After a brief pastorate at Riverbend Baptist Church in Gainesville and another stint as an evangelist Dorough was called as pastor of the Air Line Baptist Church, and declares, “Air Line is the most loving church we have ever been blessed to serve. The church is constantly demonstrating a love for the Word and a love for others.”

When the COVID quarantine started Air Line spent a considerable amount of money to improve and upgrade our broadcast capabilities resulting in the church reaching more people online than had previously been involved in corporate worship. Life Groups adapted to Zoom meetings. Dorough exclaimed, “Brenda Williamson called each of the ladies in her senior adult class and taught the lesson by phone every week. When we reopened, we quickly jumped to 2/3 of our previous attendance, but a second round of quarantine sent us back to ground zero for five weeks. Even though we had a slower return the second time, this past Sunday we were back over 2/3 of our pre-COVID attendance. God is now sending us first time guests and during the quarantines we had baptisms in a lake and in a stream.”

Dorough has contributed much not only to the individual churches he has served but has played a vital role in denominational life. While on the staff at Second Baptist in Warner Robins he became a trustee at Truett McConnell University and served as the trustee chairman in 2010-2011. He explained, “Serving as a trustee I had the privilege of visiting with about 20 of my students from the church, including my son. My top memory was when we voted to require all professors to sign the affirm our Baptist Faith and Message 2000.”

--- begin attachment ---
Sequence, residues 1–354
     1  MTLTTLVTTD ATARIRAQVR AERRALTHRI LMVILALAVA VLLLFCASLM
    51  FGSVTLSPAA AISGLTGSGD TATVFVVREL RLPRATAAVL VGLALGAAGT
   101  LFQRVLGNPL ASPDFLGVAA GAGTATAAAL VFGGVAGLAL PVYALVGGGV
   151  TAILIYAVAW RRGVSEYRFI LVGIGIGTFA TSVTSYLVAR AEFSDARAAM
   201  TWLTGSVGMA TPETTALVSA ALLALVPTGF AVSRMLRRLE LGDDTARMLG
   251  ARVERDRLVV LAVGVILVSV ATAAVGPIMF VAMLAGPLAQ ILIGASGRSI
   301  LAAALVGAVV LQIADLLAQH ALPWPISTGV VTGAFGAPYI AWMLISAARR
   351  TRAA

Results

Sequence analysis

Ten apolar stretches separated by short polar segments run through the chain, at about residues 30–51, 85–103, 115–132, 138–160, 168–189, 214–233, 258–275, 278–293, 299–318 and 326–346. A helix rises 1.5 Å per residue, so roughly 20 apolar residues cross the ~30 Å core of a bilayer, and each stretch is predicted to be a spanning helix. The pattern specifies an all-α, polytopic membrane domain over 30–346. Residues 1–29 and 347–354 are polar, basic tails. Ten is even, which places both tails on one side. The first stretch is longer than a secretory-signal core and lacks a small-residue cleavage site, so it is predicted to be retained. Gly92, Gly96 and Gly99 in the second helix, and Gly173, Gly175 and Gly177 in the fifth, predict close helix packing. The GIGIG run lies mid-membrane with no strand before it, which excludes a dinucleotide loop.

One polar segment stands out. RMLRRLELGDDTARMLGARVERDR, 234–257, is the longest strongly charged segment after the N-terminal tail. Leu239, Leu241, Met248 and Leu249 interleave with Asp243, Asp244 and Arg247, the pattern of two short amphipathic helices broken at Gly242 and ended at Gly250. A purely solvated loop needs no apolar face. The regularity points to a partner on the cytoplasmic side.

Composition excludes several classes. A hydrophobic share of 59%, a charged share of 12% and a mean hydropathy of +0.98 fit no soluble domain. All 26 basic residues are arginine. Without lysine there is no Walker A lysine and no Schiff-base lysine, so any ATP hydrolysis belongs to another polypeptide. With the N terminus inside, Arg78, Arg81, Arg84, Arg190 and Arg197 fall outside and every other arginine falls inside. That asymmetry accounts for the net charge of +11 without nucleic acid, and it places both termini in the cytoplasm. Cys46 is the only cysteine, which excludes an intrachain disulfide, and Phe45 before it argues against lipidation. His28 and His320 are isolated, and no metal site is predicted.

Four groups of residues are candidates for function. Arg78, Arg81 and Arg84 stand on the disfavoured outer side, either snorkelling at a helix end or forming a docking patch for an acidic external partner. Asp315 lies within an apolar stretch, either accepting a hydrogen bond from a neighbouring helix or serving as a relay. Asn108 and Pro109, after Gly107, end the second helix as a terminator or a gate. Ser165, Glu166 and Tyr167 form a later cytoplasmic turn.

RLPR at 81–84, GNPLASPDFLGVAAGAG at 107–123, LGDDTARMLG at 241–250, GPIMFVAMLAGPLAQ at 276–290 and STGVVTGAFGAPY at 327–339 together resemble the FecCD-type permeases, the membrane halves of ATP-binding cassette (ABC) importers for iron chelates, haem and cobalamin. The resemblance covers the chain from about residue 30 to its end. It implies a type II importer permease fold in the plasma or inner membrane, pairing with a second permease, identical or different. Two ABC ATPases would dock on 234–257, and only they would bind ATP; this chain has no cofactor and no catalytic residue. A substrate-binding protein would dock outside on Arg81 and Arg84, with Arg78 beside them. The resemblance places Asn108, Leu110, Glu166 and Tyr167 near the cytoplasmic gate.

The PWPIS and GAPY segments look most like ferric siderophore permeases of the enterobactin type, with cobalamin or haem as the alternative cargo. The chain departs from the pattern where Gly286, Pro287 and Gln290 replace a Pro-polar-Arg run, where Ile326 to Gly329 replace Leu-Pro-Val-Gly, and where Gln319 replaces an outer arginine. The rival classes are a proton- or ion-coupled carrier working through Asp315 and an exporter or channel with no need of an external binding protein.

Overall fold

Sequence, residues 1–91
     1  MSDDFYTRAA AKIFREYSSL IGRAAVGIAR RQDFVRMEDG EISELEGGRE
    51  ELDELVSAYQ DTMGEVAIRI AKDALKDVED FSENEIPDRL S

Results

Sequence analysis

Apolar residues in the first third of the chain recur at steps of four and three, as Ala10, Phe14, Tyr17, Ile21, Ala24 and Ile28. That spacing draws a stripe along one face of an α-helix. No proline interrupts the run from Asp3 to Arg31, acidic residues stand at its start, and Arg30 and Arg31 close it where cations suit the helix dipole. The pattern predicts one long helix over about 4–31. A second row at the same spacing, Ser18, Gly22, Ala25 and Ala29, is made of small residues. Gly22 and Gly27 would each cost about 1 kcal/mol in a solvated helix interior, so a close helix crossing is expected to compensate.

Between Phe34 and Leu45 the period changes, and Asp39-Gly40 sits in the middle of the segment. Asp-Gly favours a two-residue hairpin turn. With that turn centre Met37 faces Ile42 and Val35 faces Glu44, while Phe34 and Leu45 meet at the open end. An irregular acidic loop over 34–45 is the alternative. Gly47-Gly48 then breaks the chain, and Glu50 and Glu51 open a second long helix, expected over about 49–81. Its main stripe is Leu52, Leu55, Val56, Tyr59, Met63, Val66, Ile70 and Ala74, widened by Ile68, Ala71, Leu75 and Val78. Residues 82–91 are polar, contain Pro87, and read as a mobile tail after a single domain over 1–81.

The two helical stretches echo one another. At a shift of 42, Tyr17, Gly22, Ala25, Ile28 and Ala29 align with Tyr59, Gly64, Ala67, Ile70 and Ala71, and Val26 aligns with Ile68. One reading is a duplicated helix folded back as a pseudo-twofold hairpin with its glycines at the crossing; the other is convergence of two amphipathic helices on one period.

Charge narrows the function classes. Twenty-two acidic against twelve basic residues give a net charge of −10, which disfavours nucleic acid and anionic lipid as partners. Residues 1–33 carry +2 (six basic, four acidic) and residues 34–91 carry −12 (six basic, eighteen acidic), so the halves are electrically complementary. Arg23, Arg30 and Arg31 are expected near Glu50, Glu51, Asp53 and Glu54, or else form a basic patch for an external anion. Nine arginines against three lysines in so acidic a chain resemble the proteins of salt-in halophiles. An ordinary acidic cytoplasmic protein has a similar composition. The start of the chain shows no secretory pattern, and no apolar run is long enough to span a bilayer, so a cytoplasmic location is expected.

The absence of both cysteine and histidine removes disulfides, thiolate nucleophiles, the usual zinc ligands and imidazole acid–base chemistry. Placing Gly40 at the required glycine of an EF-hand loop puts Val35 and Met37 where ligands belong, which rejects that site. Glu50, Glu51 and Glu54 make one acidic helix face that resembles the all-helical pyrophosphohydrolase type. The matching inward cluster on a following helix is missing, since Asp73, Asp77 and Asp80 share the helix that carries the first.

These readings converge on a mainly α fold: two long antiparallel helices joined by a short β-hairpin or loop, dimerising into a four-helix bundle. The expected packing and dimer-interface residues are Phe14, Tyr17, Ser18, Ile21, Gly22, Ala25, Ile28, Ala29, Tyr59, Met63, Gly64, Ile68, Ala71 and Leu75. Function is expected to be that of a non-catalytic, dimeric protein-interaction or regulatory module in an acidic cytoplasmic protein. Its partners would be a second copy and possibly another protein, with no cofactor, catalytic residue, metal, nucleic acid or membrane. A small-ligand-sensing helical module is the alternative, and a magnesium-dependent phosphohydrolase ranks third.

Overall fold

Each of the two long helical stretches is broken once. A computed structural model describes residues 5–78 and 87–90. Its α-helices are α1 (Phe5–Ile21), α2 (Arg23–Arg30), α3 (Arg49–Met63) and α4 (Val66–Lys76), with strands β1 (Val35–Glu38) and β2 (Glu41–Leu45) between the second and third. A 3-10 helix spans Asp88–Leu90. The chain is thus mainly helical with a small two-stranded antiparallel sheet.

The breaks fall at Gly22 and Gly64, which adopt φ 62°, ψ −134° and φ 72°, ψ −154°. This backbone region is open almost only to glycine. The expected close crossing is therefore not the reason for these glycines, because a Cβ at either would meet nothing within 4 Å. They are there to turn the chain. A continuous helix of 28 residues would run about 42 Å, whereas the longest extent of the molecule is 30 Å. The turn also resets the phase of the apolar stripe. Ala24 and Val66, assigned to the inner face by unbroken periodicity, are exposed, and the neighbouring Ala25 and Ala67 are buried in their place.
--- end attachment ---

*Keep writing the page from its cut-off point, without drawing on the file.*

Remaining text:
Dorough continued, “As chairman at TMU, we had several building projects going on simultaneously – a 16,000 sq-ft addition to Miller Hall, a new 34,000 sq-ft dorm, and a 9,000 sq-ft addition to the dining hall. These were the first construction projects since the Nix building in 2001. As the father of a student athlete, I loved watching the baseball team play and taking my students to eat at Glenda’s, a local restaurant in Cleveland.” Today, Julie serves Georgia Baptists as a TMU Trustee and Mike is on the University’s Board of Visitors.

Every God-called minister wants to leave some kind of legacy; and Mike Dorough’s legacy is already becoming a reality. He admits, “Among my greatest joys in ministry has been seeing God call some amazing students to vocational ministry, including pastors Jeremy Morton and Derrick Jackson at FBC Woodstock, Pastor Jacob Green of Shirley Hills Baptist in Warner Robins, and dozens of others serving as pastors, church planters, and missionaries.”

Dorough has a real heart for missions and has not only preached in several states, but has also proclaimed the Gospel in Brazil, Russia, Poland, Germany, Nicaragua and the Bahamas. He commented, “I have traveled to Brazil ten times in ministry and mission trips. I preached the first revival meetings in the history of Igreja Batista Caragua in Caraguatatuba, SP Brazil. Julie and I prayed much about moving to Brazil as missionaries, but we clearly felt God calling us to Northeast Georgia, but to continue traveling to Brazil to minister and encourage our dear brothers and sisters there.”

Having served as a vocational evangelist, Dorough is passionate about reaching the lost. He declares, “The Great Commission is not optional; it is a mandate. We cannot over emphasize the Great Commission. I came to Christ as a high school freshman during the second week of a revival that was extended an additional week. I am convinced that revivals work. I am forever thankful to God for allowing me to see Him do amazing things when I traveled as a full-time vocational evangelist. These are difficult days for vocational evangelists, but our churches must not forget that God has gifted the church with evangelists who the proclaim the Gospel and draw the net in a powerful way.”

“I long for the day when we can host Spirit-filled revivals again. America needs revival now more than ever!”